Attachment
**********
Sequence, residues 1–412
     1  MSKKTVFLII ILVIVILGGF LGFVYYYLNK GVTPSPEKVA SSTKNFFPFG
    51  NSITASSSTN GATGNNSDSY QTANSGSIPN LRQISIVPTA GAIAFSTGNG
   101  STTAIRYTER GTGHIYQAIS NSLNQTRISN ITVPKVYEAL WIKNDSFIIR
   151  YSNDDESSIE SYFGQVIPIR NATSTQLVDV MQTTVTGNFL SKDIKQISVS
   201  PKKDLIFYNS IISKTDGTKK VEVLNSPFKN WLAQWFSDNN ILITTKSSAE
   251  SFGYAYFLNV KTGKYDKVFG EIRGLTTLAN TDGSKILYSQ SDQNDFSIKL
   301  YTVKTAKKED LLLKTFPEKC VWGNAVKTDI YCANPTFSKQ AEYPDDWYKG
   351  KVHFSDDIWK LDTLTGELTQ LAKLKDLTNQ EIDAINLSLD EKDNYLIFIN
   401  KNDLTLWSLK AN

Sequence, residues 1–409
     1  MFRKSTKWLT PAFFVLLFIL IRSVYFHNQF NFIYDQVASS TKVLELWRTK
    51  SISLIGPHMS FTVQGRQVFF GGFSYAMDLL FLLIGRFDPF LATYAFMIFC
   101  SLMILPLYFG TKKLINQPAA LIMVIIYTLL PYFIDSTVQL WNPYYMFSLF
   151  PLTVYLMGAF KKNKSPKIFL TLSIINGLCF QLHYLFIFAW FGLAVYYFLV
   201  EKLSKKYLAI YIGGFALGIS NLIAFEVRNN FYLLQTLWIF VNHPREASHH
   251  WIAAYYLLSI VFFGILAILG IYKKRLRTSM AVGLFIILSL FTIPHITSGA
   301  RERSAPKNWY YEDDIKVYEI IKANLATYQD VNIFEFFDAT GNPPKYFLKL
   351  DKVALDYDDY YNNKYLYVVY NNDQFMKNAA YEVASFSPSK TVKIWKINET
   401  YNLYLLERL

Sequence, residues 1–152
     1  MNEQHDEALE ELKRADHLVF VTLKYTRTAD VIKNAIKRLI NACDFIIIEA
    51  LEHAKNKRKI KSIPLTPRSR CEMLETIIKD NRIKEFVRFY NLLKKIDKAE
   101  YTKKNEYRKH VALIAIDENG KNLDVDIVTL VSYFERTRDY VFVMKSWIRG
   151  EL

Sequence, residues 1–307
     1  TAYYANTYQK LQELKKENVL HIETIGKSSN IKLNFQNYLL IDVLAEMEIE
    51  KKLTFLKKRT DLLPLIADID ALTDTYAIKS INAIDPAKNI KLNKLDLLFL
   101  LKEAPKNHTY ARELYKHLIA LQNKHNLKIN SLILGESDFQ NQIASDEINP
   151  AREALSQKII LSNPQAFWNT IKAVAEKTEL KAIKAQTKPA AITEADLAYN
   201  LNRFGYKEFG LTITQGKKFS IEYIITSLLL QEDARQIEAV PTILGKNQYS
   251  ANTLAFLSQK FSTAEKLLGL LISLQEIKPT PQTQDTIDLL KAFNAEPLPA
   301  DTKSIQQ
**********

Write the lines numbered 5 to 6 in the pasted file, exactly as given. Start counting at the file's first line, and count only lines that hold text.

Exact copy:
   151  YSNDDESSIE SYFGQVIPIR NATSTQLVDV MQTTVTGNFL SKDIKQISVS
   201  PKKDLIFYNS IISKTDGTKK VEVLNSPFKN WLAQWFSDNN ILITTKSSAE